Cisco Revamps CCNP Certification, Adds New Track

By Carolyn April  |  Posted 2010-01-26 Email Print this article Print
 
 
 
 
 
 
 

The changes reflect Cisco’s desire to map certification and training skills more directly to proving capability in a given individual’s job role rather than simply exercising technical acumen in specific products.

Cisco this week revamped its flagship CCNP certification requirements and added a new certification option aimed specifically at network service provider operations.

The changes reflect Cisco’s desire to map certification and training skills more directly to proving capability in a given individual’s job role rather than simply exercising technical acumen in specific products, according to Cisco.

"We did rigorous, externally focused job-task analysis in coming up with the new guidelines and exams," said Christine Yoshida, manager of learning and development for Learning at Cisco. "We met with partners in detail to understand their roles as network engineers."

The result? The deep dive into job roles has enabled Cisco to devise a new certification testing methodology that validates expertise on specific job tasks and scenarios its partners face every day.

"We’ve evolved from simply a multiple choice test," Yoshida said.

The revised CCNP certification track is designed for network engineers with at least one year of professional experience who are looking to elevate their skills to more complex networking solutions. The new coursework features hands-on labs, e-learning lessons— meant, Yoshida said, to ease the travel burden and out-of-office cost associated with classroom coursework—and a series of self-paced demos. There are three new courses being introduced that relate to network engineers implementing and maintaining routing and switching networks.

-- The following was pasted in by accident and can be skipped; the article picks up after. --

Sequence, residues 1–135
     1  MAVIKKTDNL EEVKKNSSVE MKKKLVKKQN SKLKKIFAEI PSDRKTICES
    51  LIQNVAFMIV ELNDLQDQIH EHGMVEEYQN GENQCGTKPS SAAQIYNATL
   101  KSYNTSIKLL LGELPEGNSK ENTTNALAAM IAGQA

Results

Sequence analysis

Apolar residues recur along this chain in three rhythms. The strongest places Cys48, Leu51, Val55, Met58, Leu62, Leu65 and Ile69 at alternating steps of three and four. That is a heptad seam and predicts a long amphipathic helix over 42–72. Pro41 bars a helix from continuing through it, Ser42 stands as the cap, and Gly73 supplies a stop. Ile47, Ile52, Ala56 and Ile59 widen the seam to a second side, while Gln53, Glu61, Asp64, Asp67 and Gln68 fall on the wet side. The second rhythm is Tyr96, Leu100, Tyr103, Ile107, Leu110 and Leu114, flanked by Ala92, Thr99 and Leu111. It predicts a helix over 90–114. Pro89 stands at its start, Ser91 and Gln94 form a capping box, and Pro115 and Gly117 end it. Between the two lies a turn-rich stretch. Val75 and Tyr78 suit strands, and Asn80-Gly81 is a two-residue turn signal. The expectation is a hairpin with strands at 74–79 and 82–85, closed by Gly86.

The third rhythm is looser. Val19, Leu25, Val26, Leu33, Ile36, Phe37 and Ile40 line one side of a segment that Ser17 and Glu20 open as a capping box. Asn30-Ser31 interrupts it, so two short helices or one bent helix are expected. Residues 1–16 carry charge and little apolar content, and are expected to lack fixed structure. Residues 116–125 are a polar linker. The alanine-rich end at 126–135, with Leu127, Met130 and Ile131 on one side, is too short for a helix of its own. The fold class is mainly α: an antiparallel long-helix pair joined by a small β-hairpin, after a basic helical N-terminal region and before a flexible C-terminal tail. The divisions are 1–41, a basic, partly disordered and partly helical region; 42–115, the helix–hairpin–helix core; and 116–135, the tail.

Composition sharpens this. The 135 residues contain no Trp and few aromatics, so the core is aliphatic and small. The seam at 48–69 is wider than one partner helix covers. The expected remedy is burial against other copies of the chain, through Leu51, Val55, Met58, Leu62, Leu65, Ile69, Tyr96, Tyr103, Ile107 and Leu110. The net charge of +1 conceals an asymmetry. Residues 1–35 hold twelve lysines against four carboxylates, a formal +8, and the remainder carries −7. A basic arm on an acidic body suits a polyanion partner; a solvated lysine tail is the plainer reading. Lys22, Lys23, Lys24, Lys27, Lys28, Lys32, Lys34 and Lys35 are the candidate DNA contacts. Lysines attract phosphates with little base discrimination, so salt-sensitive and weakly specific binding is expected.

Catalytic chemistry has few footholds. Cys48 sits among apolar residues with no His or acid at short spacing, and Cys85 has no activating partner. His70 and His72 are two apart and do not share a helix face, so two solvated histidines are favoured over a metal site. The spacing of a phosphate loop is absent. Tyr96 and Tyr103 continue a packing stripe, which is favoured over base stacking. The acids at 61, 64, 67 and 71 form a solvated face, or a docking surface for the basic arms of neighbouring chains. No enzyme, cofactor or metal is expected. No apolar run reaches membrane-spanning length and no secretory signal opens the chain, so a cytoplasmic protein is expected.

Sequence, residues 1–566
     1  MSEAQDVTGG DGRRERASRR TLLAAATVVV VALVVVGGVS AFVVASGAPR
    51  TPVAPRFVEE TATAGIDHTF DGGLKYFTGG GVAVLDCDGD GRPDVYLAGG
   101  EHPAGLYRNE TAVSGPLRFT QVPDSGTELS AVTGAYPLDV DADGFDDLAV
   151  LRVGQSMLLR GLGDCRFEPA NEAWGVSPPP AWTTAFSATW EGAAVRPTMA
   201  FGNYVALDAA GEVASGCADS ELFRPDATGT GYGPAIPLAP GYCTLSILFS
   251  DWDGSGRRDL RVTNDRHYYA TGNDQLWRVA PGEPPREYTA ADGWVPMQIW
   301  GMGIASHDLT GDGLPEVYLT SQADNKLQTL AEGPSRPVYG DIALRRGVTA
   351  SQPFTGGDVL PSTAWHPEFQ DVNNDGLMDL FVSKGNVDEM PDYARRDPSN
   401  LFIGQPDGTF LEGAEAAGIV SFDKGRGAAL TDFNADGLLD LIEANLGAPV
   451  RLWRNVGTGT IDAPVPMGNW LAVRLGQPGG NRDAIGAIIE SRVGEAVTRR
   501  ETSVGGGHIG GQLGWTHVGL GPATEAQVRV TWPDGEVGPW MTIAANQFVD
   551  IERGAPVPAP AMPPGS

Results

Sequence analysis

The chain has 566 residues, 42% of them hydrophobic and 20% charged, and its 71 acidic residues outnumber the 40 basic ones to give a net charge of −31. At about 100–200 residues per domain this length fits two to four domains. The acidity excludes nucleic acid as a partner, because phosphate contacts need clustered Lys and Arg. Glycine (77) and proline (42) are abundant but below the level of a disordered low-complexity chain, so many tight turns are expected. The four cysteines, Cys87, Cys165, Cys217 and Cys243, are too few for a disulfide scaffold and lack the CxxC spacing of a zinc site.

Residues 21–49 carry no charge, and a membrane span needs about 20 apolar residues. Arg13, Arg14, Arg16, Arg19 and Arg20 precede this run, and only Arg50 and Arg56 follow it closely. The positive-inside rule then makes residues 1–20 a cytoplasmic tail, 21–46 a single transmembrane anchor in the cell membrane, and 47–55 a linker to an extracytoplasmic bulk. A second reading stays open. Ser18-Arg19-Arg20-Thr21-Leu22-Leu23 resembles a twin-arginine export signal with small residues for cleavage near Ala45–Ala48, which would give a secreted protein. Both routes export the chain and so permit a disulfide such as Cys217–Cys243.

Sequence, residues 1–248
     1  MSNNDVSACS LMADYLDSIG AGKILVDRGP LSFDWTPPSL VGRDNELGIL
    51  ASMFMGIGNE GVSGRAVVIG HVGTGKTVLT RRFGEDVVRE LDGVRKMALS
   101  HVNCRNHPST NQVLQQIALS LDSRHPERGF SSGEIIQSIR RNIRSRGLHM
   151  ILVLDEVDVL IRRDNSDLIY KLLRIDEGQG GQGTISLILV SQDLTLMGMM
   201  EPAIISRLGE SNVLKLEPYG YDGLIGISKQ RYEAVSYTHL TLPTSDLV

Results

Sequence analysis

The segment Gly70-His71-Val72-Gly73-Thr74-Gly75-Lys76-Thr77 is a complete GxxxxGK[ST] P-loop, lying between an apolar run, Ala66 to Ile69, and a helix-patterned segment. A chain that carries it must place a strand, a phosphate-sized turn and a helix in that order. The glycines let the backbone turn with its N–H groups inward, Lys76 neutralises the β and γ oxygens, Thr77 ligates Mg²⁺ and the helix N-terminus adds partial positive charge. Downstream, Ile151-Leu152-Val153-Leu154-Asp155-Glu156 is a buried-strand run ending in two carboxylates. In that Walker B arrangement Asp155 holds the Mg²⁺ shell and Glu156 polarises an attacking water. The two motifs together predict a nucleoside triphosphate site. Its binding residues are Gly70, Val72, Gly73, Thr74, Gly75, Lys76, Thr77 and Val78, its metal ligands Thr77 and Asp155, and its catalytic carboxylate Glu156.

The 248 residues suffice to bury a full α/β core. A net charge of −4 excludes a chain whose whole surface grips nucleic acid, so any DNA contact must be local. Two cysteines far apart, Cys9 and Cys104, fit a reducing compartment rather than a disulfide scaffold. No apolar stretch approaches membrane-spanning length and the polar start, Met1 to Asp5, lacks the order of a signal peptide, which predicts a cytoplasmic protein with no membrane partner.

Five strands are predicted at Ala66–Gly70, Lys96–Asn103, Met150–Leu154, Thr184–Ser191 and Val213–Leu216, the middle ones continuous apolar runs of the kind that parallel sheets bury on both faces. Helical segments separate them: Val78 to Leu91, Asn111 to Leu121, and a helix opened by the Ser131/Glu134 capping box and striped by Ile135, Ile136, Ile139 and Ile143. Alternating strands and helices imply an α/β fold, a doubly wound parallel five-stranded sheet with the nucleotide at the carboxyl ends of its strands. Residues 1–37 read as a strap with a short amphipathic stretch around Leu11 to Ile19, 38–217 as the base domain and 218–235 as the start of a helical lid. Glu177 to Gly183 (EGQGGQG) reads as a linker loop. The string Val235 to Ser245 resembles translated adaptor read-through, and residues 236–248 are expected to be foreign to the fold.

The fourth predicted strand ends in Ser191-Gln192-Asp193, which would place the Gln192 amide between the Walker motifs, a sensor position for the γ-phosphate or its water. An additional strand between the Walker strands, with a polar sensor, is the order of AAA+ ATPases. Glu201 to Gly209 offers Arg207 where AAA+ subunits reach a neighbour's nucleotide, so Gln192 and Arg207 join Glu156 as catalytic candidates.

Passing three 120-minute exams, which will be held in April and May, is required to achieve the new CCNP certification.

Meanwhile, Cisco has introduced a new certification track for network service providers specific to managing and maintaining a network operating center—either on-premises or in a managed services environment, Yoshida said.

"Our older programs were not focused on network operations engineers, but on those people that set up the network initially," she added. "This new track is really called out for the network operations folks."

Yoshida said that final details of this track, including coursework requirements and exams, are not yet in place, but that partners can qualify individually or as an organization for this certification when it’s live.


 
 
 
 
 
 
 
 
 
























 
 
 
 
 
 

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